The History of Pandemics Teaches Us Only That We Can't Be TaughtHistorians in the News
tags: public health, epidemics, medical history
ON THE LAST day of March, in what felt like the longest month in human history, U.S. President Donald Trump stood at the podium at the White House press briefing and mused on the lessons of this pandemic illness. When the threat of this new coronavirus fades, he said, our habits will have changed. We may still be washing our hands more effectively than we did before, keeping distance from each other, not shaking hands as much. “Some of what we’re learning now will live on into the future,” Trump promised. “ I really believe that.”
But if past is prologue, then we are really bad at using the past as prologue. Five years ago, in the aftermath of a massive Ebola outbreak, epidemiologist Michael Baker bemoaned the vital lessons that we’d clearly failed to learn from prior outbreaks of disease. In recent weeks, many others have been taking note of how plagues of swine flu and the like have somehow failed to yield more funding for pandemic preparedness. They’ve argued that government officials flouted lessons from hypothetical pandemic exercises. Some have drawn parallels between our foot-dragging and denial of the Covid-19 crisis and the long delay in responding to the AIDS pandemic. As Howard Markel, a physician and historian of science, wrote in WIRED last month, “I feel like quoting Yogi Berra: It’s ‘déjà vu all over again,’ albeit a nightmarish blend of several déjàs vu into one.”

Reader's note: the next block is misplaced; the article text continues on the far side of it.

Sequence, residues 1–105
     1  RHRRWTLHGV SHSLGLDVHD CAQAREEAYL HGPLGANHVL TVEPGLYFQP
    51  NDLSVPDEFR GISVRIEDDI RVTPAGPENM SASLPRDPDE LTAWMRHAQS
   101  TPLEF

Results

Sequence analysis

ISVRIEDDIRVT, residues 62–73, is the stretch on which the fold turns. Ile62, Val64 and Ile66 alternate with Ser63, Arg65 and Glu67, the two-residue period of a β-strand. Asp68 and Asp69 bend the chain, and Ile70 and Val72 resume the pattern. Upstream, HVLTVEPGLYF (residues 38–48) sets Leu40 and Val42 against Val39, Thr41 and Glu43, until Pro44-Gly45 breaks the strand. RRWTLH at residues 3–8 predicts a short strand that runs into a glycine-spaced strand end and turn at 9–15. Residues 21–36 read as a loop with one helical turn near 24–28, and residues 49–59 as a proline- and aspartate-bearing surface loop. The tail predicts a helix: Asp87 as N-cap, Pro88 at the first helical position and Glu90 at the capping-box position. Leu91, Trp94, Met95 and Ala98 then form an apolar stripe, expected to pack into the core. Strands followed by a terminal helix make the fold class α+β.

There’s a term for what’s been missing: “clioepidemiology.” Named after Clio, the muse of history, it describes the practice of studying information from past epidemics for advice about the present. Why are we so bad at doing this in practice? Isn’t everyone who’s ever lived through an ugly epidemic an armchair clioepidemiologist, almost by default? Why haven’t there been more of them spouting off about the lessons that they’ve learned? Or maybe more to the point, why hasn't anyone been listening?
It may be that this impulse has been canceled by a greater drive, to leave the terrors of the past behind. Indeed, some historians suggest that doctors who served on the front lines of fighting Spanish flu were reluctant to talk about it in the years that followed. Quarantines and bans on public gatherings during that period may have further shrouded the extent of suffering, while traumatized survivors kept their stories to themselves. It seems likely that a similar reticence to share followed other, past pandemics, too, as it may again when this coronavirus plague is over.
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